Daily Archives: July 15, 2009

Blakely Ave. federal stimulus project nearing completion

The city will begin the final phase of federally-funded bicycle and pedestrian improvements along Blakely Avenue.

The project, which extends from Bucklin Hill Road to the IslandWood environmental learning center’s driveway, was one of three Kitsap County transportation projects awarded federal stimulus funding.

The final phase includes the widening of Blakely’s north shoulder across from Blakely Elementary School. Work crews have already installed a new sidewalk linking the Blakely Heights neighborhood with the school, a drop-off area on the south side of Baker Hill Road to ease congestion in the school parking lot, and new road center islands with solar-powered beacons to slow traffic.

The project’s construction costs will likely come in under budget. Initially estimated at $67,000, the project’s contractor bid at just over $46,600.

“We were very pleased to receive such a reasonable bid,” acting Public Works Director Bob Earl said in a statement. “With city staff costs and contingency funds included, the total project budget is estimated at $96,000 – considerably less than the (stimulus) funding. This means that island residents will benefit from the project with no (local) tax dollars expended.”

Approximately $50,000 of the $150,000 stimulus award is expected to return to Kitsap County for reallocation in a future funding round.

Sen. Murray squeezes feds for more ferry money

Patty Murray
Patty Murray
A day after Washington State Ferries learned it was excluded from a batch of federal stimulus ferry grants, almost $3 million has suddenly found its way to WSF.

U.S. Sen. Patty Murray announced today that she secured an additional $7.6 million in federal money for Washington’s ferry systems.

According to the Associated Press, U.S. Transportation Secretary Ray LaHood admitted the sole $750,000 grant awarded to Washington was an oversight and would be fixed. The initial grant was for a Skagit County ferry that is not a part of WSF.

The additional funds secured by Murray include $3 million for WSF’s Anacortes terminal replacement project, $2 million for King County’s ferry system and, for us Kitsapers, a hefty $2.5 million for Kitsap Transit’s passenger ferry prototype project.

State Transportation Secretary Paula Hammond told the AP that state and county ferry systems applied for 11 grants totaling about $56 million.

Washington has the largest ferry system in the nation. But initially, of the 19 states that received ferry money, Washington received more than only Arkansas and Kentucky.

BI company fighting Amazon.com over trademark

A small Bainbridge design firm has sent its lawyer to do battle with mega-retailer Amazon.com over a trademarked shopping site’s name.

Hildebrand Lane-based Daigle Design owns the online shopping page windowshoppinginternational.com

Amazon has a high-tech shopping site at windowshop.com called AmazonWindow Shop.

“Well, we thought that they had just claim-jumped our name,” Geoff Daigle told Sun business reporter Rachel Pritchett for a story that appeared this week.

Daigle’s lawyer fired off a cease-and-desist letter alleging that Amazon violated the Daigle Design’s trademark, and that it could lose business if confused shoppers went to the Amazon site instead.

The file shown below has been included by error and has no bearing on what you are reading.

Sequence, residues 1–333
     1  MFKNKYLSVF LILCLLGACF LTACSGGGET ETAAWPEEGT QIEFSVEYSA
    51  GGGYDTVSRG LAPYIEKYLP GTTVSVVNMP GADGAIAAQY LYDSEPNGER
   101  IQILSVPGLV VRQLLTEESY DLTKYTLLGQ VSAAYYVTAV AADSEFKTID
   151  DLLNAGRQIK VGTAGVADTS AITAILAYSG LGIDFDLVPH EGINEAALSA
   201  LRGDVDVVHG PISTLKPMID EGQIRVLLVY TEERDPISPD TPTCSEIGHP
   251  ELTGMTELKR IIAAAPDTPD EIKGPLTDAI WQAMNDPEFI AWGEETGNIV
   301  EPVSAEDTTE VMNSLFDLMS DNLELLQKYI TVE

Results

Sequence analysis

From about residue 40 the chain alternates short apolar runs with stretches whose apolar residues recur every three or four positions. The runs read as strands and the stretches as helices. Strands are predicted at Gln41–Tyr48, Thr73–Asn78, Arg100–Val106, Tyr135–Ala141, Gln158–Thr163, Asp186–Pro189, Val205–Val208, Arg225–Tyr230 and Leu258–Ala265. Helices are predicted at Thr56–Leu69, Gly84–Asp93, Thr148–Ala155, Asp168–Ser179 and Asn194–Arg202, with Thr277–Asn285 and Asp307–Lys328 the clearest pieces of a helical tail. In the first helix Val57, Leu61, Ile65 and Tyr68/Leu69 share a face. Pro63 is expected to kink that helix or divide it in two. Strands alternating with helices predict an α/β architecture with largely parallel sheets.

WSF’s allotment of federal ferry stimulus money: 0

Guess what? Texas has a ferry system. And it received over $7 million in the Fed’s latest round of stimulus funding.

How much did Washington State Ferries (the largest ferry system in the nation) get? Not a cent.

“That was a shocker,” Al McCoy, senior manager of WSF’s budget program, told Sun transportation reporter Ed Friedrich in a story printed today. “We don’t really have an explanation for that. We’re trying to find out why.”

WSF did recently receive $8.5 million in American Recovery and Reinvestment Act funds based on its size, but got nothing from the new fund for which it had to compete.

The state ferry system wanted $26 million to replace the Anacortes terminal and $9 million to fix up the Hyak ferry.

Michigan received the most money: $8.3 million. Maine got $6.8 million and New York pulled in $6.5 million.

A photo tour of the Williams property


The Bainbridge park district received a $1 million state grant this week to help offset the purchase of the nine-acre Williams property on Manzanita Bay. Read more about the grant and the property here.

To see a photo tour of the Williams property, click here.

Never been to the Williams property? You’re not alone. Purchased for use as a park by the city in 2007 for $1.5 million, the property has largely sat unused. It’s not marked with signs and doesn’t appear on park maps. But you’re still welcome to visit.

There’s plenty to see: a nice view of Manzanita Bay and the Agate Pass Bridge, a quiet pebble beach, a good sized lawn and even a pickleball court. There’s a house on the property too, but that’s currently being used by the park district caretaker. Future plans include possibly turning the caretaker’s house into a gathering and classroom space and opening a small boat shed for public use. A non-motorized boat launch will also be worked in. The pickleball court will likely become part of a small parking area.

To find the Williams property, take Koura Road west and continue on to where it merges with Williams Lane. Follow the gravel lane to its end. The public portion of the Williams property is on the right (north) side of the lane.